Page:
After our nap, because Mark wanted to sleep too, we had a pre-breakfast snack. It was pancakes and cottage cheese baked in a pan, it reminded me lasagna a little, but it was sweet and one of my favorite dishes I have had while in Ukraine. Plus, a strawberry cake that was made with their own strawberries. I hope you’re starting to understand why I feel as if they are fattening me up! We watched a futbol game for a bit, before we left for dinner in Mark’s dad’s Mercedes. If I thought his mom drove quickly, I was in for a surprise. That car was often doing around 140 kph on back roads that were worse than anything we see in Michigan. However, he was a pro. He could slalom those obstacles like they were nothing, and the car responded incredibly well. Before we went to dinner, they showed me their church, which is 500 years old. They had just redone the inside of the church, and it was gorgeous, and the outside was magnificent as well. It had been a Catholic Church for some time also, and they showed me the door where only priests could have entered. I am constantly reminded of how small and brief both the United States’ history is and my own while I’m here, and I realize the trivial nature of my problems in comparison to theirs.

Dinner was fantastic. We laughed and they asked about the farm and all things having to do with that. We ate shashlik, the national dish of Ukraine, and it was fantastic, but I think the Czechoslovakian beer and whisky that Mark’s dad bought for me took the cake on the best flavors for the night. Mark’s mother drove home, she was the DD I suppose, but I was alittle disappointed I wasn’t going to have a ride-along in a formula one car on the way home (okay, it wasn’t that fast, but I have never ridden like that before, and I loved it). We pretty much just went to bed when we got back to their house. I was tired and grateful, but I so enjoyed the family that I would have happily gotten up and done anything!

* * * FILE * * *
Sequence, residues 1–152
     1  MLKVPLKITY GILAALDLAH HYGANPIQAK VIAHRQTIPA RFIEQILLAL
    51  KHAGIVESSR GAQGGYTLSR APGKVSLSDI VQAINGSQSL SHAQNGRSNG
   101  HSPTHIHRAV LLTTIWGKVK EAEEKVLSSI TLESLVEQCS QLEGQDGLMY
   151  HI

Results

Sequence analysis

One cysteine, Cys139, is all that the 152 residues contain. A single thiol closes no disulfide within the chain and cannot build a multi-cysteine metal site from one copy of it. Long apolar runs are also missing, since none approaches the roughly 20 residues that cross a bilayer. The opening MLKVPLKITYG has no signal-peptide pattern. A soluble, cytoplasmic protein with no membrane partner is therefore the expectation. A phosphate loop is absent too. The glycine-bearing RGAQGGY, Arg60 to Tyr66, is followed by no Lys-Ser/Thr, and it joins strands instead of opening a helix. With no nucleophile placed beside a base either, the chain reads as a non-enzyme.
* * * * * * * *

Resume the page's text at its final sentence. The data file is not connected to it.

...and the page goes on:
This family is amazing. They sit and laugh and talk and while I cannot understand anything they are saying, I felt so blessed to be taken into their home for 24 hours. It was a good reminder of the nature of the data that we are going to be working with this summer. If anyone reading is not in the know about why I am traveling, it is for a research project for using on mental health that my peers and I will continue when I get back to Iowa. I think that I had begun to see the data as numbers, not people, but that is wrong. The people are so much more, and this family showed me that in a way I could not imagine. Each number in that survey data represents a living breathing person. Someone who has a family, a job, has a home with repairs and children off at school. They have a church renovation to supervise, club futbol games to attend, and family dinners to be had, and forgetting that is the worst thing I could do to these people. Throughout history, they have been reduced to a people that have become a commodity, and to put them in that category again does nothing to help them at all. It does not show them love, it does not bring Jesus to them in a real way, and it is not what our father in heaven modeled for us when he sent his son to earth. These numbers are not just participants of a population, they are people, with beautiful lives just like anyone else.